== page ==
Moreover, it has not been established that the proposed protocol for E-911 reporting will be unduly difficult for the hearing-impaired to learn and to use. The existing two-button alarm box system, which is not challenged, already requires a deaf caller to use a tapping protocol to request fire assistance between the hours of 8:00 A.M. and 11:00 P.M. See Civic Ass'n, 915 F. Supp. at 626-27 (between 8 A.M. and 11 P.M., no response to silent calls unless dispatcher hears unintelligible voice or two taps, followed by pause and three more taps). Plaintiffs have provided no direct evidence that any deaf individual in the pilot area has had difficulty reporting an emergency because of the use of the tapping protocol on public telephones. The Defendants should be permitted to continue to use the pilot areas to test the effectiveness of the "thinned out" emergency reporting system with fewer alarm boxes and the E-911 tapping protocol.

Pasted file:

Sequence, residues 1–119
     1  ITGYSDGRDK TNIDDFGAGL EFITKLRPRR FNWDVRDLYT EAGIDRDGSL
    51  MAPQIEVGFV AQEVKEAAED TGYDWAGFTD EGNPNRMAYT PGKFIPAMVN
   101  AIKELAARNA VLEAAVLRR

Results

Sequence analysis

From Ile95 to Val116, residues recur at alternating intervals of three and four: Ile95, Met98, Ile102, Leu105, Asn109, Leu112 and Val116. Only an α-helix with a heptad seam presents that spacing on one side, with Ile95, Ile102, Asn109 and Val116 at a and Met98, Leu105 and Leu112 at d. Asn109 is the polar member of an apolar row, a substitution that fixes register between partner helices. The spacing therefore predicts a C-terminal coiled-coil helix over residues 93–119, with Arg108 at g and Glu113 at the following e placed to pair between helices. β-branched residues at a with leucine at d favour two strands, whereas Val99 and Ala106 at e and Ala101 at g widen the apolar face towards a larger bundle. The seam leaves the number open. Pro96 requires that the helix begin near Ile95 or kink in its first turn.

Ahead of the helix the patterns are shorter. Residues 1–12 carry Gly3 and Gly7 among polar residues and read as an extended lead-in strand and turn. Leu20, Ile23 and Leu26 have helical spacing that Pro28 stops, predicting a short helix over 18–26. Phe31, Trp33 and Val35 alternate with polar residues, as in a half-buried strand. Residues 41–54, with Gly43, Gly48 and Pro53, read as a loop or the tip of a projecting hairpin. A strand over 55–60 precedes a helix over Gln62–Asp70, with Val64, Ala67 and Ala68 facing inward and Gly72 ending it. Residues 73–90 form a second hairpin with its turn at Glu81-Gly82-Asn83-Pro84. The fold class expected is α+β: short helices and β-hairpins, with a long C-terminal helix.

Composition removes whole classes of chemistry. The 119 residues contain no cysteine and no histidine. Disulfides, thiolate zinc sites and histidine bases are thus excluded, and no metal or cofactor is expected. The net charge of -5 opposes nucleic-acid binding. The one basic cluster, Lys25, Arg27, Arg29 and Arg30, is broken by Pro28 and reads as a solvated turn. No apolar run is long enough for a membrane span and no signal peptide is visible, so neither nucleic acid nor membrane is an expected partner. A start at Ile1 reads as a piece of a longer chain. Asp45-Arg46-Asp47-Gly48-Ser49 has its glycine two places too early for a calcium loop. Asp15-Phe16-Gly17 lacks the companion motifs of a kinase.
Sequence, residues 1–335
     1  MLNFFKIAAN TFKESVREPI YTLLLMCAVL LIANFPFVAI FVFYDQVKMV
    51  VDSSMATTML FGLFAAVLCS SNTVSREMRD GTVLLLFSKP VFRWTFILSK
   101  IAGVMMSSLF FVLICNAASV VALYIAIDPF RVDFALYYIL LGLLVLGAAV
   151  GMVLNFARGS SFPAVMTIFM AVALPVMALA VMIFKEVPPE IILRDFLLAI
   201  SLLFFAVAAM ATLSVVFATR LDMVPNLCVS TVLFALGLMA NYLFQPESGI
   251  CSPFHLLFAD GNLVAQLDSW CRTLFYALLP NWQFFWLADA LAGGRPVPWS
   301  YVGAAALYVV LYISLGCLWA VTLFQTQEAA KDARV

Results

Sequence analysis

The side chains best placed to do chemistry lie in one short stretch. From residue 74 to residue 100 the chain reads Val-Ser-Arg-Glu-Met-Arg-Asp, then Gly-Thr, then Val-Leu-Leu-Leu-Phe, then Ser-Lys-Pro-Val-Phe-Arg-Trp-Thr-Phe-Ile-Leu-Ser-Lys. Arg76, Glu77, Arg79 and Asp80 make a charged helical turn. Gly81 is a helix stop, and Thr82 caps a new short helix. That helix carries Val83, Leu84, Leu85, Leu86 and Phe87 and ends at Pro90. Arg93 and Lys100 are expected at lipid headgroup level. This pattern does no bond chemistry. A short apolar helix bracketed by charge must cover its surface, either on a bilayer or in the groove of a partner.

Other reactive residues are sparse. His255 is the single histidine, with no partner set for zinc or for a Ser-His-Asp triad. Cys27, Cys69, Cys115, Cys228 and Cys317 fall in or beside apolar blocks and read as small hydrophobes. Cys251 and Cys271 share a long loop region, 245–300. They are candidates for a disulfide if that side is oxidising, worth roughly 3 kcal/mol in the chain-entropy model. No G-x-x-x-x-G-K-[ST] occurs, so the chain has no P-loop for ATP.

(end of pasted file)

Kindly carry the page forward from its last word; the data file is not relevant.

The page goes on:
Furthermore, irrational results would follow from adoption of Plaintiffs' argument that any change that produces a system that is marginally less accessible to the deaf than the non-deaf violates the ADA. Even outside the pilot areas, public telephones are already more plentiful than alarm boxes, and thus hearing individuals have a broader range of methods to report emergencies from the street than do the deaf. Despite this disparity, it is not reasonable to order all telephones disconnected from the E-911 system so that the emergency reporting system is equally convenient for the deaf and non-deaf. Further, it does not appear to be feasible to order the installation of "buttons" or some other mechanism *fn3" on pay telephones to simplify reporting for the deaf, since the telephones, which are owned by NYNEX and other telephone providers, are not under the control of the Defendants. Similarly, it would not be reasonable or feasible to prevent the installation of additional public telephones equipped with E-911 features, even though such new telephones would improve the usability of the emergency reporting system for the hearing more than for the deaf.